What Can the Herpesvirus Teach Us About Oral Inflammation?
A $2 million grant from the National Institutes of Health will help University of Illinois at Chicago (UIC) researchers study how herpesviruses, and their underlying molecular mechanisms, contribute to increased inflammation in oral diseases, such as periodontitis.
The researchers, led by the UIC College of Dentistry’s Afsar Naqvi, PhD, assistant professor of periodontics, will also study how manipulating the small molecules that help to regulate gene expression in the herpesvirus may aid health care professionals to diagnose and treat oral diseases.
“Herpesviruses are unique in both their lifelong persistence in the human body and in their ability to encode viral microRNAs that not only alter their own genetic activities but their host cells’ functions as well,” says Naqvi.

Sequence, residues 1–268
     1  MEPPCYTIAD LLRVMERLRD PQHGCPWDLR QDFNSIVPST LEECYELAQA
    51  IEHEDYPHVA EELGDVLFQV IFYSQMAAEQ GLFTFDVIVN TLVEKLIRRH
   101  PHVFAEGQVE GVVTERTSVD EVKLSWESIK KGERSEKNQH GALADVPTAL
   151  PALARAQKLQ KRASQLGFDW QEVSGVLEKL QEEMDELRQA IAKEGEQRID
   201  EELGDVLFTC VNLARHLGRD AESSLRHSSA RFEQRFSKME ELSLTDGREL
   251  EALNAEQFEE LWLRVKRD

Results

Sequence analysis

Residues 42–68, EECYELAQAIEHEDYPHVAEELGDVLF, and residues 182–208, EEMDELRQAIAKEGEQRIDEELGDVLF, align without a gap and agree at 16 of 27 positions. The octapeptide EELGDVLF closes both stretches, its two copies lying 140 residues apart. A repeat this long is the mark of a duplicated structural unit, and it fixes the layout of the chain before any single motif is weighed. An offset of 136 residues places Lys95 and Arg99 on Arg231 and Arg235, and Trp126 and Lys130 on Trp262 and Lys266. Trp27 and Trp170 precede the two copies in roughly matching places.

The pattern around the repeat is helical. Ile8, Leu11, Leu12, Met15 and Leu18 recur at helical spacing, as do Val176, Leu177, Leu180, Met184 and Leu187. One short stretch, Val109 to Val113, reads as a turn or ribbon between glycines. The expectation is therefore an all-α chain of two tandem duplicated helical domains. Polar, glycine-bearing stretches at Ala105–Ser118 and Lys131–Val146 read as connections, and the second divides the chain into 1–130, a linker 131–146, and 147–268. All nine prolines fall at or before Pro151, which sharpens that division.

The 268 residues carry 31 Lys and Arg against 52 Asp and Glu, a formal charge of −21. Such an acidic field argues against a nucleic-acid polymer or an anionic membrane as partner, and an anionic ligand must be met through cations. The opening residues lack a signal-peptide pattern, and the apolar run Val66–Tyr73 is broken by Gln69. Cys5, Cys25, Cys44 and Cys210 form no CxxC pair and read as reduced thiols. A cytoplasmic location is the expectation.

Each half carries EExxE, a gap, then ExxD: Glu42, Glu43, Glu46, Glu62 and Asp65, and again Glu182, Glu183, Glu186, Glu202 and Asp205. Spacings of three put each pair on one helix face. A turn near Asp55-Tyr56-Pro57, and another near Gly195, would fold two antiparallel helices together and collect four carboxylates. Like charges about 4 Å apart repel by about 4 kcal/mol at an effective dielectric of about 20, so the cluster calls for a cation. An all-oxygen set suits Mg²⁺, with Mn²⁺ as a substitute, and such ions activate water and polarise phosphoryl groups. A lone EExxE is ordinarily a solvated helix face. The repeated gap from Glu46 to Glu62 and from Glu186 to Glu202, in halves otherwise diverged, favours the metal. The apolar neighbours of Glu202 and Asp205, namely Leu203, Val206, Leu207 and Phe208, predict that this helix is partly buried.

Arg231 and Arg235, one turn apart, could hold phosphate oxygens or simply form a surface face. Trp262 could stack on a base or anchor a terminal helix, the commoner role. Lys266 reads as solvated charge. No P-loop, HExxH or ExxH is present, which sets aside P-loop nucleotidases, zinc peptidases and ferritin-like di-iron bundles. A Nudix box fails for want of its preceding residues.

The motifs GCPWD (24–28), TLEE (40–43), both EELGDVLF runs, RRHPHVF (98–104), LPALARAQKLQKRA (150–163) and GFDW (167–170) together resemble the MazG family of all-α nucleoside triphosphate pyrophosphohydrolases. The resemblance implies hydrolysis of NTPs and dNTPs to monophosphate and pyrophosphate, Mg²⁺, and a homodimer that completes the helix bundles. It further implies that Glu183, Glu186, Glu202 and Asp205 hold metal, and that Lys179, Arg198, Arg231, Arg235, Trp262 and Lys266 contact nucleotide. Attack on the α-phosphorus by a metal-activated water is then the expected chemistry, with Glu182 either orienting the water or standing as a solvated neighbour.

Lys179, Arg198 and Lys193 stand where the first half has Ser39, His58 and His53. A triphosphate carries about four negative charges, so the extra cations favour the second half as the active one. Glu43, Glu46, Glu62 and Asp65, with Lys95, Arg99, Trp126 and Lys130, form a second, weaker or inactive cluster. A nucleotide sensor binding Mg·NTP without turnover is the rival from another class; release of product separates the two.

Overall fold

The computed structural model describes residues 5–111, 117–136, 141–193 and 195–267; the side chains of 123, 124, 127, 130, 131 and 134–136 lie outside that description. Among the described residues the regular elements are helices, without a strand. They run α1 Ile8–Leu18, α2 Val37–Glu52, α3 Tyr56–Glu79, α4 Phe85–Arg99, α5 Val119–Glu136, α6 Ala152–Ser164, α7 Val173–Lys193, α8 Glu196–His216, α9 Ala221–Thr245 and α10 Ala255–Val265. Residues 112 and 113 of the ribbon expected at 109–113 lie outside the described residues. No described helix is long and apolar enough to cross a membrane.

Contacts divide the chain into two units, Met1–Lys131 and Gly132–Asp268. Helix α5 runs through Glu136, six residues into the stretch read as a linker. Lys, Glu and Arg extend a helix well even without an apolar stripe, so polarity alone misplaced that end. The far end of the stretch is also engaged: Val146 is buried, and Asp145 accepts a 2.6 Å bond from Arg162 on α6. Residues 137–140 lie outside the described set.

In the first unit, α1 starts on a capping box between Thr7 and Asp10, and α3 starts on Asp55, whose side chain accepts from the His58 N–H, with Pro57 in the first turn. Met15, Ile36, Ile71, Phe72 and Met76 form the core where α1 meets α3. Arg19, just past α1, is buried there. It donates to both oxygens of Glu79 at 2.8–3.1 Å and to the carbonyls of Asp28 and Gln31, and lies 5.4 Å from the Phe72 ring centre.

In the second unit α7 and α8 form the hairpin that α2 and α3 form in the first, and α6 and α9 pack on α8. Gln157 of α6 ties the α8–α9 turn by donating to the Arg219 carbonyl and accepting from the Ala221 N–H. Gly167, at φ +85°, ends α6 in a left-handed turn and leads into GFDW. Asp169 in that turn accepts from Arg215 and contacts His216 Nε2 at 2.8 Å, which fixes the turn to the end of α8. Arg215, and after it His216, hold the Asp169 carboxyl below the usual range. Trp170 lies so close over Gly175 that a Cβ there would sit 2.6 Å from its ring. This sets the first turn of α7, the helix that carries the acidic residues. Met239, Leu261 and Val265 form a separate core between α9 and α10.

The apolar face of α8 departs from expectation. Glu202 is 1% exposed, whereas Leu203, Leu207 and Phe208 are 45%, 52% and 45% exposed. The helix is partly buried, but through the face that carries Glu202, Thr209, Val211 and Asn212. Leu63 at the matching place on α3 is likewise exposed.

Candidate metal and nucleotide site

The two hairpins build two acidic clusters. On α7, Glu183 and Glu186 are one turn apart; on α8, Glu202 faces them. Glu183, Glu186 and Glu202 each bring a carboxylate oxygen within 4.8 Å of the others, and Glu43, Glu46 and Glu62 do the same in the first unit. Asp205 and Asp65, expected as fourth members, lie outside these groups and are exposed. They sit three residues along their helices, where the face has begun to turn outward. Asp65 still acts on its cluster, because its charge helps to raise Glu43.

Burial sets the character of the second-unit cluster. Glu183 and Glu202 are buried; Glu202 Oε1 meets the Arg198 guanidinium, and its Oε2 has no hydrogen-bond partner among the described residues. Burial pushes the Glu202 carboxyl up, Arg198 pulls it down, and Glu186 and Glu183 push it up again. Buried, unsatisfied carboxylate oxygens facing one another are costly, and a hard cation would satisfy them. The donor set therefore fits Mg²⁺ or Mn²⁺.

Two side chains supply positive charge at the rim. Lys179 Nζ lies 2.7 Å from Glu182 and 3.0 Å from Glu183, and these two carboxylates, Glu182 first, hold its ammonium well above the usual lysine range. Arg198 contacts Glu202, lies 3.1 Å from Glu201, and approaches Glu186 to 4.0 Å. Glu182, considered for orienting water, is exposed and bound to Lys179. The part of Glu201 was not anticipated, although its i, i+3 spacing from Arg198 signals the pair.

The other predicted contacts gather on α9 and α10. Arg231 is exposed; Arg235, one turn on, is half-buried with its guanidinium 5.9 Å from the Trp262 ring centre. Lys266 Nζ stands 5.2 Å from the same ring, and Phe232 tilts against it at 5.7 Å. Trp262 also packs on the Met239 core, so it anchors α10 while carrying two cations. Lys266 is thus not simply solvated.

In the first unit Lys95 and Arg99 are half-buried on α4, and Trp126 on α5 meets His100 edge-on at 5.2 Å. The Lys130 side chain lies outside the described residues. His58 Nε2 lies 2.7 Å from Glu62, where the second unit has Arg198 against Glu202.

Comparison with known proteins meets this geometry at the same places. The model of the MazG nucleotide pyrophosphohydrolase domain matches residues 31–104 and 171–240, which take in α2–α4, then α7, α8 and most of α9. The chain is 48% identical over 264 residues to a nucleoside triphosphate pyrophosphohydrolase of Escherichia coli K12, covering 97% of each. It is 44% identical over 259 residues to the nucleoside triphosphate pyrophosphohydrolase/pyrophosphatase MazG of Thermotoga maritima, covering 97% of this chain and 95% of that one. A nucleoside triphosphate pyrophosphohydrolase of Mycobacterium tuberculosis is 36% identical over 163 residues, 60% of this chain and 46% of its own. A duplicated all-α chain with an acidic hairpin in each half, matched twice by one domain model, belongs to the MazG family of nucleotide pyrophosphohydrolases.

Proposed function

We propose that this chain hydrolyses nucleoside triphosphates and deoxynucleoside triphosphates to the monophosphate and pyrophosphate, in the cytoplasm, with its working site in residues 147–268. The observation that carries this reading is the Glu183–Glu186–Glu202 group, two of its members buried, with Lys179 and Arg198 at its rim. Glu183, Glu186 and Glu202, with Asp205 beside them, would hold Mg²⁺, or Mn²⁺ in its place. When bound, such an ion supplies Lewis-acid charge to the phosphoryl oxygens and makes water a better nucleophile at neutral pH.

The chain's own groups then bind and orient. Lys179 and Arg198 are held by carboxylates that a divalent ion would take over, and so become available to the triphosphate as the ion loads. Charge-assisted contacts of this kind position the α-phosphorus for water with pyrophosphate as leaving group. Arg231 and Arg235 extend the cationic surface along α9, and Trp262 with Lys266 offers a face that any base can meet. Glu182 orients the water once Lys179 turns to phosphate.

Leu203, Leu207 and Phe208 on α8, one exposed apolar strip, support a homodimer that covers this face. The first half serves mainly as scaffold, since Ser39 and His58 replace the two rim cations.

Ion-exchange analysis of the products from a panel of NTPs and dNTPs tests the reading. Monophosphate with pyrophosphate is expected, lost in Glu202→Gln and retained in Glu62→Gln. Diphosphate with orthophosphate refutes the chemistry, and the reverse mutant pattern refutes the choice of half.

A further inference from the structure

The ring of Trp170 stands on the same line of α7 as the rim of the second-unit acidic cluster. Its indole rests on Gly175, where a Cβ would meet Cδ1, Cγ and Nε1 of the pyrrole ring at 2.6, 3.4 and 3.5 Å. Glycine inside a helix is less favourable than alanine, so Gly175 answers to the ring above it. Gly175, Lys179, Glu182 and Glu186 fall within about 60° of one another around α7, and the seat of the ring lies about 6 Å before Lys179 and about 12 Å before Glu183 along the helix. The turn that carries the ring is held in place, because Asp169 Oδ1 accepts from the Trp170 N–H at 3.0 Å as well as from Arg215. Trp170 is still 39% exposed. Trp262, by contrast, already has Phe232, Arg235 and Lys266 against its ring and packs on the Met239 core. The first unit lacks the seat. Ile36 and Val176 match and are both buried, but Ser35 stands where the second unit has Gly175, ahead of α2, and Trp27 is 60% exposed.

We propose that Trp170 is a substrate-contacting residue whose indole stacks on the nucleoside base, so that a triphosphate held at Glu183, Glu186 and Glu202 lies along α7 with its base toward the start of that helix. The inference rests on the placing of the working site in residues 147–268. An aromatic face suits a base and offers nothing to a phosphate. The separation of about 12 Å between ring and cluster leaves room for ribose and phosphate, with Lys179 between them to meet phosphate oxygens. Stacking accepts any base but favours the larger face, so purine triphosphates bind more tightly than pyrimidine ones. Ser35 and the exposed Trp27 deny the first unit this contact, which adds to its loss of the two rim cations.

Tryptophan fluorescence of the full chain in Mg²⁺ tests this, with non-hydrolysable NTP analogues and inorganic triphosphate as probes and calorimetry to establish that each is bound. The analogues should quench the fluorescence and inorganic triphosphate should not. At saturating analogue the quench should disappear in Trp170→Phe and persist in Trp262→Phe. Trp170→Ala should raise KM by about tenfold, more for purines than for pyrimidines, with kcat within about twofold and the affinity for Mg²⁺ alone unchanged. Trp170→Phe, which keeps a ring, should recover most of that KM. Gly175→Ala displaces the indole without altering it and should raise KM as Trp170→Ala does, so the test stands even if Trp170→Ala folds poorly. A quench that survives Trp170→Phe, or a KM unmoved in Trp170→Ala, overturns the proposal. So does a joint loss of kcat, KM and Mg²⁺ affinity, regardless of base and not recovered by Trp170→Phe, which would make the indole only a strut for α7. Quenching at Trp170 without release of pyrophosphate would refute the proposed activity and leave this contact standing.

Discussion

“Herpesvirus encoded microRNA helps the virus to survive in multiple ways,” Naqvi explains. “Because we see a correlation between herpesviruses and oral inflammation, we want to examine if viral microRNAs accumulate in inflamed oral tissues and if they impair the body’s immune responses.”
Naqvi and his team will study the impact of the five most common herpesviruses associated with oral inflammatory diseases and quantify their microRNA and genome levels.
“We want to identify the microRNAs that change when the tissue around the teeth becomes inflamed,” Naqvi said.
The funding will support this research for 5 years. The research team will also investigate the molecular and cellular mechanisms through which disease-associated herpesvirus microRNAs dysregulate host immune cell functions.